Pascal Siakam is the best player on the Toronto Raptors. He’s the team’s most decorated player, their sole All-Star, team leader in scoring, an MIP, and an NBA Champion. The numbers, the eye test, and the accolades all point to Siakam being the face of this franchise. Why has there been so much pushback from non-Raptors fans about his potential?
Since the pandemic first hit in March of 2020, Siakam’s station as the top dog in Toronto has been called into question. If you remember back, during the first half of that 2019-20 season Siakam was operating at the level of an MVP candidate.
That fall and into the winter, Pascal was putting up 25 points, four assists, and eight rebounds every night, all while shooting 39% from 3-point land. He was leading his team to one of the best records in the NBA, proving he wasn’t just stat-padding.
Since then, Siakam’s star has dimmed. After suffering a lower leg injury and having the regular season put on pandemic pause, Siakam had a rough 2020 playoffs. Particularly in the second round, where he was held to 15 points per game on 38% shooting and 17% from deep by the Boston Celtics’ frumpy frontcourt duo of Grant Williams and Semi Ojeleye.
Siakam’s struggles scoring continued into the 2020-21 season, particularly the perimeter shooting. which plummeted to 29.7%. True, the entire Raptors team was having to cope with the season from hell. Playing in Tampa, the injuries, not to mention the entire COVID-19 experience. It wasn’t easy for any team, Spicy-P’s struggles stood out even among his teammates.
Siakam’s numbers and dynamics on the court dipped, he missed time, he missed the All-Star game, the team missed the playoffs, and all behind its worst regular-season record in nearly a decade.
Even with all that, he has all of the ingredients needed to really cement himself as a star this season. One way or another, 2021 is going to be a pivotal year for his standing within the league.
Toronto Raptors star Pascal Siakam can cement his star status in 2021-22.
Siakam’s upward trajectory was consistent for his first four years in the league, but coming off this latest injury (shoulder surgery that will sideline him for the early parts of the 2021 season) this will be a very important year in projecting the direction for the rest of his career.
He’s 27 now, the age that by which time most NBA players have found their stride and rounded into their prime. Not that this season is the be-all-end-all for Siakam. His basketball learning curve is anything but conventional. Still, can we count on another leap like the one he took his MIP season?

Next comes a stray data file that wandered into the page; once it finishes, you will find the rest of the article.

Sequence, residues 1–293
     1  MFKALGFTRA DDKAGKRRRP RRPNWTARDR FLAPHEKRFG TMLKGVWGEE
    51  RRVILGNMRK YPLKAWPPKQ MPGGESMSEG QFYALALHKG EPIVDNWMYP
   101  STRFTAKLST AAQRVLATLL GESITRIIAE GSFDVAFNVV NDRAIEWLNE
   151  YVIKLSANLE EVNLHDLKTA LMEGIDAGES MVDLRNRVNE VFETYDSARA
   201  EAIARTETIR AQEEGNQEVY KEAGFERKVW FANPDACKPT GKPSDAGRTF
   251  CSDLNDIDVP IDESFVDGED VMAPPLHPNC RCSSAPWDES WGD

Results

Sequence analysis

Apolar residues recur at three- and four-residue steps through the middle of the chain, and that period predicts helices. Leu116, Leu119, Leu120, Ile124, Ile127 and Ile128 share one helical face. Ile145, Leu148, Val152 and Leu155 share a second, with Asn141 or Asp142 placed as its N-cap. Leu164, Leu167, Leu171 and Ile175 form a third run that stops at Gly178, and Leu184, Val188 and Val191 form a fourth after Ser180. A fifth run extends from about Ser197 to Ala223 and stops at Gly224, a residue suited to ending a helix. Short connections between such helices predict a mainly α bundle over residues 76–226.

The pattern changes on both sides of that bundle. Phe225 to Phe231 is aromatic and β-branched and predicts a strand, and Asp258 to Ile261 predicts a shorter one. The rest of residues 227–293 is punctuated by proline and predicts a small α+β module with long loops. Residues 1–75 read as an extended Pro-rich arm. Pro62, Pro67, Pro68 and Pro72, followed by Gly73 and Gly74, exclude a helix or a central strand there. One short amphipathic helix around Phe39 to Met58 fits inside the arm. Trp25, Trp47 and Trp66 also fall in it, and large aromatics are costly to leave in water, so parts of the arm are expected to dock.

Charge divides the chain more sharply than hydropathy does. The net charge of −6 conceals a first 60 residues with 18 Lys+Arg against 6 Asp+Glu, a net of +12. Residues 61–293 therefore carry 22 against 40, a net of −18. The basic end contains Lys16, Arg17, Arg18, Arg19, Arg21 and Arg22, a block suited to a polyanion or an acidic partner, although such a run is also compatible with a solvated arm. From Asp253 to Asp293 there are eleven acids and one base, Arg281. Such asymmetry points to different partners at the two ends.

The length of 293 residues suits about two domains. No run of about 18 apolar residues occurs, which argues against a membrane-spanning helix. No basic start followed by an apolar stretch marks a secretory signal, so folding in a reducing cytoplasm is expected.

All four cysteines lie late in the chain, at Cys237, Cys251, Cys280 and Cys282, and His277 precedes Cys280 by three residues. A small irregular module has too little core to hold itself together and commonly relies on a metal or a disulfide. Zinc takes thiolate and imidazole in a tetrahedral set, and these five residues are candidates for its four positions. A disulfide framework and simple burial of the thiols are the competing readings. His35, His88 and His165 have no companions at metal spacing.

Siakam can still get better over these next few years, but how he performs this year will give both the team and the fans a sense of what level or star Pascal is truly capable of being.
If he can go back and reach the heights he did the first half of the 2019-20 season, we could be looking at more All-Star teams, All-NBA selections, and potentially the best player on a competitive playoff team. For a Toronto Raptors team looking for stability and quality in the post-Kyle Lowry era, Siakam could be a fixture that the team builds around.
If not, he may be treading water as a near-All-Star for the rest of his prime.
And that’s not a bad thing! Think about the number of near-All-Stars or barely-All-Stars that have had exceptional NBA careers. Players like Mike Conley, DeAndre Jordan, and Antawn Jamison. Players who were vital contributors to some special basketball teams.
Siakam has already proven himself to be that. He was already one of the stars of a title team. The big question surrounding him is if he can take the step from star to superstar.
That’s why this season is so important for his status and his legacy in the NBA. If he doesn’t prove soon that he can be more than a strong No. 3 option on a title team, a No. 2 option on a very good team, or the top scorer on a bad team, then that’s all he’ll ever be.
2021-22 will show the Toronto Raptors if they have a star, superstar, a near-star on their hands once and for all, and then the front office can act accordingly.